With these words, French Foreign Minister Jean-Yves Le Drian summarized the results of his visit to Iran in response to journalists' questions as he returned to Paris.
The words highlighted the disappointment of the Dean of French diplomacy after he failed to persuade Tehran to accept restrictions on its ballistic missile program.
This failure, which tops the intensive efforts initiated by the Europeans after US President Donald Trump declared what he called the "last warning" to the Islamic Republic (in January) to prevent the collapse of the deal, poses serious challenges for US partners. It comes at a time when the two-month deadline separating the Europeans from Trump's new report to extend Iran's exemption from sanctions (May 12) does not seem to be sufficient to make progress.
So far, nothing points to a change in the view of the European countries, including first and foremost France, when it comes to satisfying the United States with any concessions acquired from Iran on its ballistic missile program. According to a French diplomatic source, who expressed his views while Le Drian was visiting Tehran, the French are concealing their view by saying that "we have our own fears" and maintain that "Iran's ballistic missile program is incompatible with the nuclear agreement ... [especially] when it comes to the possibility of transferring the ballistic missile capability to regional parties, and with this we mean Hezbollah."
But Paris' aspirations, which are still limited to the first part of the required US amendments to the "Comprehensive Joint Plan" (included in a telegram sent by the US State Department to three European allies unveiled in mid-February), has not even received an understanding from the Iranians.
"We told the French not to interfere in matters that do not concern them," Iranian government spokesman Mohammad Baqir Nobkht said in remarks he made on Tuesday.
His remarks suggest that it is impossible to meet the minimum demands of Washington, which also includes, according to the document referred to above, ensuring an extensive inspection of Iranian sites by the IAEA and "repairing flaws related to the time clause" whereby the imposed restrictions on the nuclear program are due to be lifted.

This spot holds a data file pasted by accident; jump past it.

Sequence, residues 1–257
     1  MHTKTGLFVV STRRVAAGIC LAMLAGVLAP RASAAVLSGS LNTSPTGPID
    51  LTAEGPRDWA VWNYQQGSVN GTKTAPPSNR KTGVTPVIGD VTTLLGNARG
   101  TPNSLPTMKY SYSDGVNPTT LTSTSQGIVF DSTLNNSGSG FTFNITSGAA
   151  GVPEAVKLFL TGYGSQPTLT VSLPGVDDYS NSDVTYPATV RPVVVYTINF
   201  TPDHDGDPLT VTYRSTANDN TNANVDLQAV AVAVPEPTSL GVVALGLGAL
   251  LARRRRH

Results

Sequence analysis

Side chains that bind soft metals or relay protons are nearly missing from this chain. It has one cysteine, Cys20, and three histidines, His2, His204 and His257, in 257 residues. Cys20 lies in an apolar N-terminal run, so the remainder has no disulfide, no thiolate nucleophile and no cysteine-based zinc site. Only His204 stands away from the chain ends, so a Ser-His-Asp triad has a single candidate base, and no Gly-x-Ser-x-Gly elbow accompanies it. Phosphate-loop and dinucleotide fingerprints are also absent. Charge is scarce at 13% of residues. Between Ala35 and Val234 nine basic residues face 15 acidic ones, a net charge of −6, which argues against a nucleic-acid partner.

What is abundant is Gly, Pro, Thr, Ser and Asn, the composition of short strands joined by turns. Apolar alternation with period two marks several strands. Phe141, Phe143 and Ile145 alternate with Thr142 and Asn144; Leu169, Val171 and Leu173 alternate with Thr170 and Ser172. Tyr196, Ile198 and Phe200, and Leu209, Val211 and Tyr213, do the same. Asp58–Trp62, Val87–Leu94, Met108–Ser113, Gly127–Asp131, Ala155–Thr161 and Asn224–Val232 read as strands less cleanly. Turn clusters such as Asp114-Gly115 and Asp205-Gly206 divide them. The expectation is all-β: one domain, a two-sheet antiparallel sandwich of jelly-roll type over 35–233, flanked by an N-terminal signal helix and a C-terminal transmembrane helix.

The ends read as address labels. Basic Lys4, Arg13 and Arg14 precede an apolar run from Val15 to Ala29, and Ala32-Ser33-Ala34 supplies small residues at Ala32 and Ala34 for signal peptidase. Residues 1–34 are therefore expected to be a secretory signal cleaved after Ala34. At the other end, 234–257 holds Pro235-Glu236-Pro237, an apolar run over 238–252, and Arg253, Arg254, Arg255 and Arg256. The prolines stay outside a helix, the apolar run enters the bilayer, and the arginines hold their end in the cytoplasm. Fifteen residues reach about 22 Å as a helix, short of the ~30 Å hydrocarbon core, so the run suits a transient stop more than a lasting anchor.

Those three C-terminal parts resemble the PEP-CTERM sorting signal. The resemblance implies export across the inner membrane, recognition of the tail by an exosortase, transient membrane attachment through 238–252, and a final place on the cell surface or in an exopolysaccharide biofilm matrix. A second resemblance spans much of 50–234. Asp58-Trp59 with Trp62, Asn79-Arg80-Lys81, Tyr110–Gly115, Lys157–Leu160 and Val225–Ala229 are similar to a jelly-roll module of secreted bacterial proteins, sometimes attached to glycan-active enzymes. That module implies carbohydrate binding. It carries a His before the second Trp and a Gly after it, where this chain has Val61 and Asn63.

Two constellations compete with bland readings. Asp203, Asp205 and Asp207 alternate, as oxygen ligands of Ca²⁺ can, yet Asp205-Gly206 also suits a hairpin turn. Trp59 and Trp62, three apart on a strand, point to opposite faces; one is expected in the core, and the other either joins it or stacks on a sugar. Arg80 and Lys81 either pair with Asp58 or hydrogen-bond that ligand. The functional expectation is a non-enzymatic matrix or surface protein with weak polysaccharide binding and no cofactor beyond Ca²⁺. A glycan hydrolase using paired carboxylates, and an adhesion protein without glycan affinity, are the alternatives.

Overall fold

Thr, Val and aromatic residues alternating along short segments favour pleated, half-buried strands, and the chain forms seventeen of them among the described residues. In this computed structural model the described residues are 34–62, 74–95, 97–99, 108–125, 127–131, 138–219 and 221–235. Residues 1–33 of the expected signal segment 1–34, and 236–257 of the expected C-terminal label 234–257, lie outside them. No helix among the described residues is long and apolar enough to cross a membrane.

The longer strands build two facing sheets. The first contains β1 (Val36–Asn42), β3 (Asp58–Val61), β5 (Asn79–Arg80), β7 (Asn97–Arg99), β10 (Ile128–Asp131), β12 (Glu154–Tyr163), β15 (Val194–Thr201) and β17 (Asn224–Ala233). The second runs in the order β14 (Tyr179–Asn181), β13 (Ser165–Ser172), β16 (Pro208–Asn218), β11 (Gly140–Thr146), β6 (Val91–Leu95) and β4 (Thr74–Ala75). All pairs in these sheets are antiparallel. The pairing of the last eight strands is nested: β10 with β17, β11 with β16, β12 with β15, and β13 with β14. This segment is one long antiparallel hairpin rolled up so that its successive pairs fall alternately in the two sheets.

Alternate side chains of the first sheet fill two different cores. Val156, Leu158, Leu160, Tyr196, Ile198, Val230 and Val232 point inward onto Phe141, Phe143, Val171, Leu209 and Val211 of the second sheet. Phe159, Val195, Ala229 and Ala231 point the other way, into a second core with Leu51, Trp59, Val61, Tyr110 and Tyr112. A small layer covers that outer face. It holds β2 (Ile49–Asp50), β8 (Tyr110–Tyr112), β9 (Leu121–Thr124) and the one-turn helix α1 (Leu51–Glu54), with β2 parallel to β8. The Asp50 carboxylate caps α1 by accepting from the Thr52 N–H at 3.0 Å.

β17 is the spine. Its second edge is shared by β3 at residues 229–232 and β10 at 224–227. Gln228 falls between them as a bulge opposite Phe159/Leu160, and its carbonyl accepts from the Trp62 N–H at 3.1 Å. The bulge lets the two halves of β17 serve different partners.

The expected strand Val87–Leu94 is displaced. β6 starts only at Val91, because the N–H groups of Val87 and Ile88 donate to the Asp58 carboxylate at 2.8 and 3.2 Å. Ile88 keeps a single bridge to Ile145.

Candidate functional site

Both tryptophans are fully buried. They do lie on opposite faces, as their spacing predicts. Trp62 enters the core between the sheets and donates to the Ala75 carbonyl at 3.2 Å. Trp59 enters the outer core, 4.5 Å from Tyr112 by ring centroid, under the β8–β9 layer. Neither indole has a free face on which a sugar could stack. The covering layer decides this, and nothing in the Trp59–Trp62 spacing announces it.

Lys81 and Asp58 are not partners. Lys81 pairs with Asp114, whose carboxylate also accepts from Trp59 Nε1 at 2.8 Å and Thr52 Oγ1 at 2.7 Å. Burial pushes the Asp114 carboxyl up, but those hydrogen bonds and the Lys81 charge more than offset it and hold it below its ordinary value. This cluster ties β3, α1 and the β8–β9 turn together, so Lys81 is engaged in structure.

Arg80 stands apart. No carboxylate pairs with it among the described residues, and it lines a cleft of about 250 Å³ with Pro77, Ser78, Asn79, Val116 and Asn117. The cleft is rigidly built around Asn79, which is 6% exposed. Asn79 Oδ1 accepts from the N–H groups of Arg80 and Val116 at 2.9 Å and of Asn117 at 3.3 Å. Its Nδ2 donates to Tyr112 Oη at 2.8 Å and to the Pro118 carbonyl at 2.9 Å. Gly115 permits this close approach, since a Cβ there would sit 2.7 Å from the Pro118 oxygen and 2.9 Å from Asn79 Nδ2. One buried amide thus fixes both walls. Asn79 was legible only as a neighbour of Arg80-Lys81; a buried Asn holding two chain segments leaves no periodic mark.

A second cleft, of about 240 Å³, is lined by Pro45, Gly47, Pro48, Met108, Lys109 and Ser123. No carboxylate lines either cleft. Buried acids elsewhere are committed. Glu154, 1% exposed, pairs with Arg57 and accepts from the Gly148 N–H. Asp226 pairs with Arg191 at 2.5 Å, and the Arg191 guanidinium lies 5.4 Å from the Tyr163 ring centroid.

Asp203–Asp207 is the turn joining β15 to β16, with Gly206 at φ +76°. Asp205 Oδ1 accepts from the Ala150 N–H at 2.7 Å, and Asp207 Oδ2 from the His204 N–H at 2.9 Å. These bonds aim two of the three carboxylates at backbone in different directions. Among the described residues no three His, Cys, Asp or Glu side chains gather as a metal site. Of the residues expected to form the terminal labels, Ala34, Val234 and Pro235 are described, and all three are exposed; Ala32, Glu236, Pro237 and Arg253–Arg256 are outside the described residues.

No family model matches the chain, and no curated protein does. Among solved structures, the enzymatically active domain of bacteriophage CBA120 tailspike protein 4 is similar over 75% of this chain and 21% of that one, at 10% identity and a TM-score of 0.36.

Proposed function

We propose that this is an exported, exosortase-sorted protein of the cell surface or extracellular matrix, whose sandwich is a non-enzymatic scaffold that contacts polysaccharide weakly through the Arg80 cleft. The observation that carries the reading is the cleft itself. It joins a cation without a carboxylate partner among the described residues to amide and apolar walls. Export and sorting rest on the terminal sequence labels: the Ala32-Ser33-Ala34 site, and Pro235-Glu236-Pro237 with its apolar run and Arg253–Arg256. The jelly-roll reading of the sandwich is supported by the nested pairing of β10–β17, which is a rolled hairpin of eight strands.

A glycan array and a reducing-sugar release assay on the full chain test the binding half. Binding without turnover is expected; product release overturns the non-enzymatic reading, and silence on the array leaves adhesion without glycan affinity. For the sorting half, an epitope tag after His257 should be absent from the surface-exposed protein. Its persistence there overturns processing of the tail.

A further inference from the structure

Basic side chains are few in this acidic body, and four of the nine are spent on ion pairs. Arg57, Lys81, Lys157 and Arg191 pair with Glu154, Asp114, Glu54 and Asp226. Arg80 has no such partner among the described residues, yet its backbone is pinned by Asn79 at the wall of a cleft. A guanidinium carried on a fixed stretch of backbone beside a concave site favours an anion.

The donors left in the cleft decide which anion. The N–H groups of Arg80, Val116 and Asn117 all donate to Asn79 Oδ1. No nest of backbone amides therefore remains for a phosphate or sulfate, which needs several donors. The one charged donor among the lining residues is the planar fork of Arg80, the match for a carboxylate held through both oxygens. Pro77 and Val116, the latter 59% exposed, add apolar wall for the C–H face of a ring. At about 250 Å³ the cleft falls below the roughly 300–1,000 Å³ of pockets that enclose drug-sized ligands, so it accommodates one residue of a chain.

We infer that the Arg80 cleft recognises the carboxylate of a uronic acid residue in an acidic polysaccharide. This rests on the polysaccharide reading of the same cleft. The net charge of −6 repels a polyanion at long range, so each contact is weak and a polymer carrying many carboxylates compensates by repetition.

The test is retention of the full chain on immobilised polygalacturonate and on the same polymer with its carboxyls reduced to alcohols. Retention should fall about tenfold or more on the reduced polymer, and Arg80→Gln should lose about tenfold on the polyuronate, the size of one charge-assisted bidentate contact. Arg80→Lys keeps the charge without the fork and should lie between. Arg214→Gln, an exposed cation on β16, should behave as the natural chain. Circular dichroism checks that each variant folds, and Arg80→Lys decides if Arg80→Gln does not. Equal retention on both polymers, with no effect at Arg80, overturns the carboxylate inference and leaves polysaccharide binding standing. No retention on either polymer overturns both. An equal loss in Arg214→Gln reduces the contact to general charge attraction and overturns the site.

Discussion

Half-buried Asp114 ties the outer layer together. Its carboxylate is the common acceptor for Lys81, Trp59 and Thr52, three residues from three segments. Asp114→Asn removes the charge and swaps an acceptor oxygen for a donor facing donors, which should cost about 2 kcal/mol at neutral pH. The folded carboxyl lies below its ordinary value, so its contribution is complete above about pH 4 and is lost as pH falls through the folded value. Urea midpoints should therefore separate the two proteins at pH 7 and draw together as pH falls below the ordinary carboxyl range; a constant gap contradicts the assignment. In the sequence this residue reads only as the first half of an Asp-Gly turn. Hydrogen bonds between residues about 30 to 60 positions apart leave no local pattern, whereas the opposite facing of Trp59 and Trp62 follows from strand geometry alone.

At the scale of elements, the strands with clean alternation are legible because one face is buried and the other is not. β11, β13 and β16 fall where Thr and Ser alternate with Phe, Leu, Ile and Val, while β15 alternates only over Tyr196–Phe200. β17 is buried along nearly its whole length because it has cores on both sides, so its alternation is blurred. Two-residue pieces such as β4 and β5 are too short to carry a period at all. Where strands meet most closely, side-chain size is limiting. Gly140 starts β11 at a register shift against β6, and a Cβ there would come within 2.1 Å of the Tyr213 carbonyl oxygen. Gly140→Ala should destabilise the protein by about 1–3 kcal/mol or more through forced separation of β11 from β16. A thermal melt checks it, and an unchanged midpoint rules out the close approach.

This is what prompted US Vice President Mike Pence to warn on Monday night of withdrawing from the agreement and threatening to "counter Iran's aggressive stance and provocations" in an effort to increase pressure on its European partners.
In Iran, the situation did not change before, during or after Le Drian's visit. The advisor to the Iranian leader on international affairs, Ali Velayati, said in a press statement on Tuesday that the French minister "is sure that he will not benefit from this visit that will conflict with the interests of the Iranians."
"Our officials accurately made it clear to him the views of the Islamic Republic of Iran," he added. "If the Americans are seeking to impose restrictions on our defense program, then the people and the government will not surrender to it."
For his part, Baqir Nobkht stated during his weekly press conference "we have said repeatedly that we are making efforts to strengthen our defensive capabilities to the extent required. It is not related to the approval of "Israel" or the European officials."
"If Trump commits this big mistake (withdrawing from the deal), the Islamic Republic will reach an enrichment rate of 20 percent in a short period, and we will enrich as much as we want, and no one will be able to keep an eye on it," he warned.
In addition to the statements made by the Iranian officials, a "resolute" tone overshadowed Tuesday's newspapers, which unanimously endorsed the official rejection of any amendment to the "joint plan". Others even went as far as attacking Le Drian by saying that "the insolent guest passed through unnoticed."
Source: Al-Akhbar Newspaper, Translated by website team